When searching for prior art, patent officers and patent attorneys are currently mainly relying on simple keyword searches such as those implemented by the Espacenet tool from the European Patent Office, the TotalPatent software developed by LexisNexis, or the PatSnap patent search, all of which provide very limited semantic search options. These search engines often fail to return relevant documents and due to constraints regarding the length of the entered search text, it is usually not possible to consider a patent application’s entire text for the search, but merely query the database for specific keywords.

Current search approaches for prior art therefore require a significant amount of manual work and time, as given a patent application, the patent officer or attorney has to manually formulate a search query by combining words that should match documents describing similar inventions [2]. Furthermore, these queries often have to be adapted several times to optimize the output of the search [3, 4]. A main problem here is that regular keyword searches do not inherently take into account synonyms or more abstract terms related to the given query words. This means, if for an important term in the patent application a synonym, such as wire instead of cable, or a more specialized term, such as needle instead of sharp object, has been used in an existing document of prior art, a keyword search might fail to reveal this relation unless the alternative term was explicitly included in the search query. This is relevant as it is quite common in patent texts to use very abstract and general terms for describing an invention in order to maximize the protective scope [5, 6]. A line of research [711] has focused on automatically expanding the manually composed queries, e.g., to take into account synonyms collected in a thesaurus [9, 12] or include keywords occurring in related patent documents [1315]. Yet, with iteratively augmented queries—be it by manual or automatic extension of the query—the search for prior art remains a very time consuming process.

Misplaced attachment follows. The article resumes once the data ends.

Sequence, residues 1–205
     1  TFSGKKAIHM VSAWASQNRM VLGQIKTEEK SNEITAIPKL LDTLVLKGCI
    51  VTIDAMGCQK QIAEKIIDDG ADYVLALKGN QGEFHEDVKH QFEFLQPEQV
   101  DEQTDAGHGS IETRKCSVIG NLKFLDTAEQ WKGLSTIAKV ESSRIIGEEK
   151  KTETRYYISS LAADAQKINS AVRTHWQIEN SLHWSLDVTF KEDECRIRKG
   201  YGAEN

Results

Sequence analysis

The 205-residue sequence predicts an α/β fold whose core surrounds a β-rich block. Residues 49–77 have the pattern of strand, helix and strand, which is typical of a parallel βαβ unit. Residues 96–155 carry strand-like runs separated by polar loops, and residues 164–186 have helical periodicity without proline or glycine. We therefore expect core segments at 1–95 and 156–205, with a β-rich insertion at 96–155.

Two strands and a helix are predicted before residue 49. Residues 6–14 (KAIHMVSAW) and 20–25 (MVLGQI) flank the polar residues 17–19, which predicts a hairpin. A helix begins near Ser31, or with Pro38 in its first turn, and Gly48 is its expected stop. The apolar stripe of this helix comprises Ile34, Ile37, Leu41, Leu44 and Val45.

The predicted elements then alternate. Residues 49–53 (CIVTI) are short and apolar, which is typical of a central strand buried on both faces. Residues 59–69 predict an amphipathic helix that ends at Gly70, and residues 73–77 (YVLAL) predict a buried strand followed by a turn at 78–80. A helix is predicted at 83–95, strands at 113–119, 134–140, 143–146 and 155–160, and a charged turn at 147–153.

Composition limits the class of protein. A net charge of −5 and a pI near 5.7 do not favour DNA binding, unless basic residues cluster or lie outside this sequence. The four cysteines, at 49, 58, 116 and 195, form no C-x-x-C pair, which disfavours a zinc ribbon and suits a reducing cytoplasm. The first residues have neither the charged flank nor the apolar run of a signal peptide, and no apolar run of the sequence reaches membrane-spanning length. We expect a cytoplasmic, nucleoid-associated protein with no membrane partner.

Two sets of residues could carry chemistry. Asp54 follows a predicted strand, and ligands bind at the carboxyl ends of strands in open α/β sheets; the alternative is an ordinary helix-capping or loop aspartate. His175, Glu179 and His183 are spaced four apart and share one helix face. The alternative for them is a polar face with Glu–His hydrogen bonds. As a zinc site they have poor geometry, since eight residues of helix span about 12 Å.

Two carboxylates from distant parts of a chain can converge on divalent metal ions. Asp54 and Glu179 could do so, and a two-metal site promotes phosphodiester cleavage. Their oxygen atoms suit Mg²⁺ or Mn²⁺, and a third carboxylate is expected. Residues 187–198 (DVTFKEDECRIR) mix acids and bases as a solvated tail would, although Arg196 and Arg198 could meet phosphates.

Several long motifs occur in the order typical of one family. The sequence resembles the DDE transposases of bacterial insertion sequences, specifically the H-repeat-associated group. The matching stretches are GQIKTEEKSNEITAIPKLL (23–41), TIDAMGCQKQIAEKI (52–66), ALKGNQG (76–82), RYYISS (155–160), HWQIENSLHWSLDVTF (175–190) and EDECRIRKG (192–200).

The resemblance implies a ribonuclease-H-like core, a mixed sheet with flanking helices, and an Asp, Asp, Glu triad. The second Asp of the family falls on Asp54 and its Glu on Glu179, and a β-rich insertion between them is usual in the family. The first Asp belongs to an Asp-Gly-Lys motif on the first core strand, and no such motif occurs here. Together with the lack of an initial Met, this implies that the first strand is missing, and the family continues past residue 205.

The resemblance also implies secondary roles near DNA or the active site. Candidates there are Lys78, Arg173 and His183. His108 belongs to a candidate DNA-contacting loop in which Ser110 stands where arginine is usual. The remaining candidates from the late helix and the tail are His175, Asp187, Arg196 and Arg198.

Furthermore, a keyword-based search for prior art, even if done with most professional care, will often produce suboptimal results (as we will see e.g. later in this paper and in Section D2 in S1 File). With possibly imperfect queries, it must be assumed that relevant documents are missed in the search, leading to false negatives (FN). On the other hand, query words can also appear in texts that, nonetheless, have quite different topics, which means the search will additionally yield many false positives (FP). When searching for prior art for a patent application, the consequences of false positives and false negatives are quite different. While false positives cause additional work for the patent examiner, who has to exclude the irrelevant documents from the report, false negatives may lead to an erroneous grant of a patent, which can have profound legal and financial implications for both the owner of said patent as well as competitors [16].

An approach to automate the search for prior art

To overcome some of these disadvantageous aspects of current keyword-based search approaches, it is necessary to decrease the manual work and time required for conducting the search itself, while increasing the quality of the search results by avoiding irrelevant patents from being returned, as well as automatically accounting for synonyms to reduce false negatives. This can be achieved by comparing the patent application with existing publications based on their entire texts rather than just searching for specific keywords. By considering the entire texts of the documents, much more information, including the context of keywords used within the respective documents, is taken into account. For humans it is of course infeasible to read the whole text of each possibly relevant document. Instead, state-of-the-art text processing techniques can be used for this task.